There used to be a bar in Antwerp called Les Cinq Anneaux, or The Five Rings. The Belgian painter Luc Tuymans once went in there to ask the bartender whether the five, vertically arranged rings in its sign held any meaning. “He told me it didn’t,” the artist recalls in the Phaidon book Luc Tuymans: Is it Safe?
This was the exact answer Tuymans had hoped to receive. “At the time, I was looking for some kind of symbol, like the painted star, the cross or the Olympic Games logo,” he explains. “But I didn’t want to use any of those specifically. The rings were the perfect solution to my problem and gave the series an eerily symbolic and ritualistic feel.”
Over the past five decades this masterful painter, whose works form part of the permanent collections at MoMA, the Tate, and the Met among other world-class institutions, has been creating images that leverage this eerie sense of unease from a wide variety of both sinister and innocuous sources. A Japanese serial killer, an assassinated African leader, a wide array of politicians, and officials within the Third Reich, have featured in his paintings, alongside images from reality TV, recreations of photos of friends, and even the lampshade that hangs in the artist’s bedroom.
Admirers of his paintings are often gripped by a sense of unease – not because the painting is clearly sinister, but because they open up a whole world of apprehension that seems to lie in otherwise uncategorised imagery.
The Worshipper, Tuymans’ 2004 painting and print (the latter of which forms part of Phaidon’s collectors’ edition monograph on the artist) is a perfect example of this process. The picture was based on a Polaroid photograph Tuymans took of a costumed mannequin at the Musée International du Carnaval et du Masque in Binche, Belgium. This Belgian city is known for its annual Easter carnival, which dates back to the 14th century, and remains a prized, though peculiar part of European pageantry and heritage. Its museum celebrates this heritage, though not every visitor will look at its costumed displays and think of the joy of Mardi Gras.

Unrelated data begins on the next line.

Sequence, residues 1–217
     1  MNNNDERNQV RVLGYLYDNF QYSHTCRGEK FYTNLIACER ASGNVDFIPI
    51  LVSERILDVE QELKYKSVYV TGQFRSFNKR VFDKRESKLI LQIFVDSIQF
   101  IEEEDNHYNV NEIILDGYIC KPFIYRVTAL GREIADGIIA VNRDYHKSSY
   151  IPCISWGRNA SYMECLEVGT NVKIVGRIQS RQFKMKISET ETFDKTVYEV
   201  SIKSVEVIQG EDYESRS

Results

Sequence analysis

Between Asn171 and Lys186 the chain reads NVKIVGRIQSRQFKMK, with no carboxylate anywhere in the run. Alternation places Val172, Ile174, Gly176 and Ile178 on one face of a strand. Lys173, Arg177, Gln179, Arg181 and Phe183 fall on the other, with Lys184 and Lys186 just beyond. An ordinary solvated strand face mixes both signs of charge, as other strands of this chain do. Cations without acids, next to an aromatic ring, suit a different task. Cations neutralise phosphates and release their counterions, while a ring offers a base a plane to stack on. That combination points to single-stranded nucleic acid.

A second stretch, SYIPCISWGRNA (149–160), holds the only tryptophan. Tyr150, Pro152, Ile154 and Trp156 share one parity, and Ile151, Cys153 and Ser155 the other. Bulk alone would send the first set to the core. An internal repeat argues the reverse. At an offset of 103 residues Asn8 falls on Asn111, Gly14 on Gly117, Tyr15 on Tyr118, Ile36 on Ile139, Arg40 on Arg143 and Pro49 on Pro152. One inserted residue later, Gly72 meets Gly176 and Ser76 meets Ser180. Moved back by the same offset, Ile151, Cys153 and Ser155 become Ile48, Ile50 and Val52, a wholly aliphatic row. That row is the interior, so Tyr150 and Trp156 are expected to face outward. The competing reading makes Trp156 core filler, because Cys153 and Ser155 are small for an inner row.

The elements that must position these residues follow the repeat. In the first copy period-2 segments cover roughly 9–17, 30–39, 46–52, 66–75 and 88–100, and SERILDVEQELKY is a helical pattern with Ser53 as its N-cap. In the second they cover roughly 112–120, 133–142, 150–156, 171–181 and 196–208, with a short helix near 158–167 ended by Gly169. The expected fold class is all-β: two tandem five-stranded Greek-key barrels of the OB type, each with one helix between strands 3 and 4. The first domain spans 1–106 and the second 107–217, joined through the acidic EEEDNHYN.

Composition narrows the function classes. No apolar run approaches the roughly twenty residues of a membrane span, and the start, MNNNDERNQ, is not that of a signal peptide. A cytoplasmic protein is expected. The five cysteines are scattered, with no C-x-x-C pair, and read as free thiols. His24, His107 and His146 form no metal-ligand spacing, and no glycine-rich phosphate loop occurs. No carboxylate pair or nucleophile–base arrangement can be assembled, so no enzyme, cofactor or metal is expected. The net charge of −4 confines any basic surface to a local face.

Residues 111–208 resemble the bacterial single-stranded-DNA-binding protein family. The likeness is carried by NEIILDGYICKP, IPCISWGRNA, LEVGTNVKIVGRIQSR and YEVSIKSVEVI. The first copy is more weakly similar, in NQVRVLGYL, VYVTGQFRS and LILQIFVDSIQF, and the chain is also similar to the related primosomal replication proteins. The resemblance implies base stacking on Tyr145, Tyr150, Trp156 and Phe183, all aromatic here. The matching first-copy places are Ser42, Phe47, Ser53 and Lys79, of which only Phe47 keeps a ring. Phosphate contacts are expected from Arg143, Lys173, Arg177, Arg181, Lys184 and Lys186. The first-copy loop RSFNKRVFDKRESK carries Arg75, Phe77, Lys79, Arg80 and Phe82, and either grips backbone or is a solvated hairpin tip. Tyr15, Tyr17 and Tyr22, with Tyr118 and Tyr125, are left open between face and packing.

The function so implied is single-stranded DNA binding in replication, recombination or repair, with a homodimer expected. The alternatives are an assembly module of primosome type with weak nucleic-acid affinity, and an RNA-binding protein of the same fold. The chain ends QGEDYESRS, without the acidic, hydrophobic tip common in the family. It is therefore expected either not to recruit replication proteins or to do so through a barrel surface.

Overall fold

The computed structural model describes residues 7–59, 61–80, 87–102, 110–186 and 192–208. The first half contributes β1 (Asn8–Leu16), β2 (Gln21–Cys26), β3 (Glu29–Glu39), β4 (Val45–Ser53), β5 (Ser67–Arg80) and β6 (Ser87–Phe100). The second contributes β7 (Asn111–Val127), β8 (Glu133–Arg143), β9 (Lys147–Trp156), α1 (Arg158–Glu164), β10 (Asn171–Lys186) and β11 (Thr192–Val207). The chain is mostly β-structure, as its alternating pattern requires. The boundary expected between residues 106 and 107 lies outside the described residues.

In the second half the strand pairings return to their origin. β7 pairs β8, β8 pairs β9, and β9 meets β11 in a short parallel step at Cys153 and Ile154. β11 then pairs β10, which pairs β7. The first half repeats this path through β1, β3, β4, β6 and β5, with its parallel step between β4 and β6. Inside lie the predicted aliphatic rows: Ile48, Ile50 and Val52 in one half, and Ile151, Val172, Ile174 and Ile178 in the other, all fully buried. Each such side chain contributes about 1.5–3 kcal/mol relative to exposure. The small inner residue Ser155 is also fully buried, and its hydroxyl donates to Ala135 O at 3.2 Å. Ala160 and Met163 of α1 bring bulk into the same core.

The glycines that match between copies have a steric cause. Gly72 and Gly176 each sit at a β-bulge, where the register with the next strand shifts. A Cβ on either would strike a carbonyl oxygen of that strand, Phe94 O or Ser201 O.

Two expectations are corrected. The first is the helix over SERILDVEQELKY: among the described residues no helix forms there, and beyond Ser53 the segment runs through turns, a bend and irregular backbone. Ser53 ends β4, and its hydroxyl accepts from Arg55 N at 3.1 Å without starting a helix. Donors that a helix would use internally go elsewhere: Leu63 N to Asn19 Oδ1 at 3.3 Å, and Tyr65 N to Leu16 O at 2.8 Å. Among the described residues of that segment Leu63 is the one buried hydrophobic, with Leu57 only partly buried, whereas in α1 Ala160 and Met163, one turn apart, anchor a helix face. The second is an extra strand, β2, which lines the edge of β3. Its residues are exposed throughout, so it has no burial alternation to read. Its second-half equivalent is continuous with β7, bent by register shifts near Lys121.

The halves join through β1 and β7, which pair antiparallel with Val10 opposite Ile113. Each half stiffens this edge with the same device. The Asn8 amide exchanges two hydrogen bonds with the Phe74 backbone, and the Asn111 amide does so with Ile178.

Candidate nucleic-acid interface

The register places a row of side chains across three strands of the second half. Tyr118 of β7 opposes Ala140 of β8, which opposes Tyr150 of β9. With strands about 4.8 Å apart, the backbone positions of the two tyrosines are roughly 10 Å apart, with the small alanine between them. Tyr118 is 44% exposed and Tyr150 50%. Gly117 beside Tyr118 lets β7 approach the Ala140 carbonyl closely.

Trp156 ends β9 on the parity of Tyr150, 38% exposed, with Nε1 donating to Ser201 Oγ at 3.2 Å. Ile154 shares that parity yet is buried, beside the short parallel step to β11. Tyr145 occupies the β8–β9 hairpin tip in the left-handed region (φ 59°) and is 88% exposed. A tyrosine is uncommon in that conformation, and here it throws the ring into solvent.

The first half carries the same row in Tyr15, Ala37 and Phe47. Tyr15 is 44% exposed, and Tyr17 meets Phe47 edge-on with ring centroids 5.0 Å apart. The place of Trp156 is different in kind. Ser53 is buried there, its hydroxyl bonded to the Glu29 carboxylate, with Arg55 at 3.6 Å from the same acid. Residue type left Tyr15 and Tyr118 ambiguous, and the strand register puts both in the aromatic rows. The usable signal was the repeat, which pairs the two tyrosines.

For his 2005 exhibition, also called Les Cinq Anneaux, Tuymans combined the five rings canvas with The Worshipper and a painting of Belgium’s own World Trade Center. “Together these images combine notions of religion, folklore and fundamentalism,” he reasons.
Luc Tuymans - Marcwathieu, CC BY-SA 3.0 <https://creativecommons.org/licenses/by-sa/3.0>, via Wikimedia Commons
Today those sinister, imprecise qualities picked out in this silkscreen remain undiminished. In a slightly different light, The Worshipper could be the source material for some confected, ‘fake news’ online paranoia story, or an all-too-real cult, finally exposed to the light of day.
Yet for all of The Worshipper’s latter-day digital fungibility, Tuymans’ print also makes the most of its source material. “I was mostly using Polaroids, which attenuate the colours, making things unclear and imprecise,” he writes. “I like to work with materials that are inconsistent because they leave more room for interpretation.”
Collectors can also enjoy the capacious, interpretive aspect of The Worshipper The silkscreen forms part of Phaidon’s collectors’ edition of Tuymans’ Contemporary Artists series monograph; find out how you can order the print alongside a special edition of Tuymans’ s book here. And see more of the artist's work for sale on Artspace here.